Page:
by DOT ARMSTRONG
In January, there was a small victory in the ongoing fight for gender equality: in an unprecedented gesture of inclusiveness, the Boy Scouts of America welcomed transgender kids into the fold. The organization, notorious for its adherence to traditional conservative values, now permits trans youths to wear neckerchiefs and badges along with their cisgender comrades.
Swell, I thought to myself. Such a decision is surely evidence of progress toward a more generous definition of gender and progress in the face of increased prejudice. I was proud of the Boy Scouts for dropping its historical policy of admitting kids based on the identity on their birth certificates. I was excited for cis and trans folks alike to share the real joy of Scouting — which has more to do with enjoying hands-on adventures in the outdoors and serving the community than with cultivating gendered personhood.
But one aspect of the little triumph seemed slightly off. If the purpose of Scouting is to create well-rounded, philanthropic, rough-and-ready American individuals of any gender, then why do we have separate organizations for boys and girls? I recalled my indignation when, as an 8-year-old Brownie, I learned that our troop would not go camping or learn to whittle like the Cub Scouts that year. Instead, we’d make macaroni jewelry and sell cookies. I quit soon after hearing this announcement from our Troop leader and promptly asked my father for a Swiss Army knife. How difficult it would have been — in fact, completely taboo — if I attempted to join the Boy Scouts just to get a better wilderness education.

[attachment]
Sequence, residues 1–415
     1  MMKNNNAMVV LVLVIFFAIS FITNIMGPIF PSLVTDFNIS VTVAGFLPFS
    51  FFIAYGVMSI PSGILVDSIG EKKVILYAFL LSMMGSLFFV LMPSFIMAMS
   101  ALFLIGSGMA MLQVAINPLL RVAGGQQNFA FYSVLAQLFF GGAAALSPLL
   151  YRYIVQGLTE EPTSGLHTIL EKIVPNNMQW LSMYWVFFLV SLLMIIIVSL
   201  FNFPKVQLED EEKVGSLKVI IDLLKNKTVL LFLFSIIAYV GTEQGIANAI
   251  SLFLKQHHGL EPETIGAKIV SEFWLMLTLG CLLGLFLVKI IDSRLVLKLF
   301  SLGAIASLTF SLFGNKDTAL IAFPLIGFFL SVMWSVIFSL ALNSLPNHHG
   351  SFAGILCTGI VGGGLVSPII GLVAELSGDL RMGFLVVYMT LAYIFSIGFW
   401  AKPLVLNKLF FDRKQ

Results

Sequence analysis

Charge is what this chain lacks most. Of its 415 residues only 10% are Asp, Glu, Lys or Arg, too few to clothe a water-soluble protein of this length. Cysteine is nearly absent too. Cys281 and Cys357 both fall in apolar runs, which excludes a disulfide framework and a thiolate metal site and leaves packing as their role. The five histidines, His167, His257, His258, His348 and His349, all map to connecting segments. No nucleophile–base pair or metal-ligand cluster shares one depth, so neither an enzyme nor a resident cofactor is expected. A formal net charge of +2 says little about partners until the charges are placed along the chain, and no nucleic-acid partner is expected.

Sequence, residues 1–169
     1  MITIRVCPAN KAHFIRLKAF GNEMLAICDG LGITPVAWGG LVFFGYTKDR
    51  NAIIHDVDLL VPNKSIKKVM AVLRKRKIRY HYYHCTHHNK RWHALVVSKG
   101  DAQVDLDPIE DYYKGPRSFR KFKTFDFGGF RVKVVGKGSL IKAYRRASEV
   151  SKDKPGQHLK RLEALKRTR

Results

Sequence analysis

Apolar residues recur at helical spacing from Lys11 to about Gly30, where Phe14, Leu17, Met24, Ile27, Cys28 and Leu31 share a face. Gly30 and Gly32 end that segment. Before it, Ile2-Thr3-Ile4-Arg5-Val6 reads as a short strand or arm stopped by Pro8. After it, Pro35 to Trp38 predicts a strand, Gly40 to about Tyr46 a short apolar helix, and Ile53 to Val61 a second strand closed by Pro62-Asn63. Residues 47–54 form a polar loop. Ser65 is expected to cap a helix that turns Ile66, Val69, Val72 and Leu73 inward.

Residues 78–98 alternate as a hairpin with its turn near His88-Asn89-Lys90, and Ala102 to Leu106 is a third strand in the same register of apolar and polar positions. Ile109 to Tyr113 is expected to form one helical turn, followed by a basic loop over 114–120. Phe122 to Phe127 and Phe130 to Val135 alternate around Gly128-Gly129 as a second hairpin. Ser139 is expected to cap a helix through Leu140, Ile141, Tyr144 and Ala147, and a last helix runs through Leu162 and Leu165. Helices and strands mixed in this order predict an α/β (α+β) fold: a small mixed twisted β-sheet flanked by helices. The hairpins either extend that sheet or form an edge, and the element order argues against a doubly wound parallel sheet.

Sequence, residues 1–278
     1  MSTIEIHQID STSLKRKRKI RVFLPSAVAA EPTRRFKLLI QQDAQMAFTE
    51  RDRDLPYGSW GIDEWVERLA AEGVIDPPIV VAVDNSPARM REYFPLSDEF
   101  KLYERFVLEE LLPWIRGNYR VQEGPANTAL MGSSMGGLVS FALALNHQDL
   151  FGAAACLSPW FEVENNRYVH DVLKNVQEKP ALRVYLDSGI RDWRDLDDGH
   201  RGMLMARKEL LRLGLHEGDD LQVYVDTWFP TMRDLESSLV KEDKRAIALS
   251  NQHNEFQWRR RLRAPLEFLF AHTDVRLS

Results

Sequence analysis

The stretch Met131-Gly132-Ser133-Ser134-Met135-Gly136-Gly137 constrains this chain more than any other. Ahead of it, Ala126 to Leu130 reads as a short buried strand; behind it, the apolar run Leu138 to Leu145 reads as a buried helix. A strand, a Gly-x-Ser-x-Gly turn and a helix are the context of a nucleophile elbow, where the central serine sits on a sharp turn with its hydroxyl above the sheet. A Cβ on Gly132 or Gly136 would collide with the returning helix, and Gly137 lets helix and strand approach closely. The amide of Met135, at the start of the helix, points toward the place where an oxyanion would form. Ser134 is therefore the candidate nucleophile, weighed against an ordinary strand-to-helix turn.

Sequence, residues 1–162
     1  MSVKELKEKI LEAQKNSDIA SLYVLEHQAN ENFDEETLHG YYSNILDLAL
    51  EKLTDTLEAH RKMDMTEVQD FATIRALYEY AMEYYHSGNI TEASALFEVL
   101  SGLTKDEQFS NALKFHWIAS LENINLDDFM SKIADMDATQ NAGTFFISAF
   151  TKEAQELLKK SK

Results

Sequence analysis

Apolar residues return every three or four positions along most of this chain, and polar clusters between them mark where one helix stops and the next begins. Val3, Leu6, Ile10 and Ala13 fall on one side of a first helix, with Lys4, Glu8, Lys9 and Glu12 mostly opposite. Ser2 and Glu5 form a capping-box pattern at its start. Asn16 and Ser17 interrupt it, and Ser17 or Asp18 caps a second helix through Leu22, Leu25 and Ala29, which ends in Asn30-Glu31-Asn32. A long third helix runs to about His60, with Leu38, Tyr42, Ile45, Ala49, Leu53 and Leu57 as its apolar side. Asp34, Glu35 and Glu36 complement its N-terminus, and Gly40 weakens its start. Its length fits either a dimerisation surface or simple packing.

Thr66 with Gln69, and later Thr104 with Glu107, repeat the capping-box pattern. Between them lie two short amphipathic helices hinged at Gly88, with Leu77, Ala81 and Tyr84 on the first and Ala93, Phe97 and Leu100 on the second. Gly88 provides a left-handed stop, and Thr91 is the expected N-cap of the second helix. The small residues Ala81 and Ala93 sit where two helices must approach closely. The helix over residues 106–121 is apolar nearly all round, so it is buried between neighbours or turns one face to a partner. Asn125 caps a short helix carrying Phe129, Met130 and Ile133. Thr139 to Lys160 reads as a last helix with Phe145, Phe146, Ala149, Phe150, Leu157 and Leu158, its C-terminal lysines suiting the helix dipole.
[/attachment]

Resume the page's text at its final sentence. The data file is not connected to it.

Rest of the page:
Cordoning off kids into gendered categories doesn’t allow for the universality of the Scouting mission. Isn’t it about time to drop the whole artificial system? The Boy Scouts created an ideal moment to re-evaluate the gender divisions enforced by Boy and Girl Scouts, and I readied myself to argue in favor of non-gender-specific programs for adventurous youths.
Then, on Feb 22, the Trump administration reversed the progress instigated by the Boy Scouts — albeit in a different area. Gone is the legislation that once permitted transgender bathrooms. Despite the generous gesture of the Scouting community, the cause of gender equality has experienced a considerable setback. Somehow, the Trump administration hasn’t noticed the growing awareness and tolerance of non-cisgender identities; somehow the people in the White House got the idea that trans folks don’t need support from their communities and the nation.
If the recent retraction strikes you as a great idea, consider these points — gender-neutral bathrooms are a no-brainer. You’ve probably experienced such facilities already and thought nothing of it. Bathroom trips would be efficient and convenient; no longer would women suffer through the eternal “ladies’ room line.” New facilities might need to be constructed, but often the only thing that must be altered is the signage. Plus, stalls and single-occupant facilities offer privacy for everyone. The transition, in this case, would be simple, logical, and beneficial to all populations.
Whether manifested in bathroom legislation or changes in Boy Scout admissions criteria, gender equality initiatives are contested yet vital. The Boy Scouts introduced a progressive agenda, and we must follow that trend instead of accepting Trump’s backwards policies. Discrimination is not the new normal. The Boy Scouts’ new policy proves there’s still hope. We must redouble our efforts to erase the prejudices against non-cisgender folks — and embrace all kinds of bodies.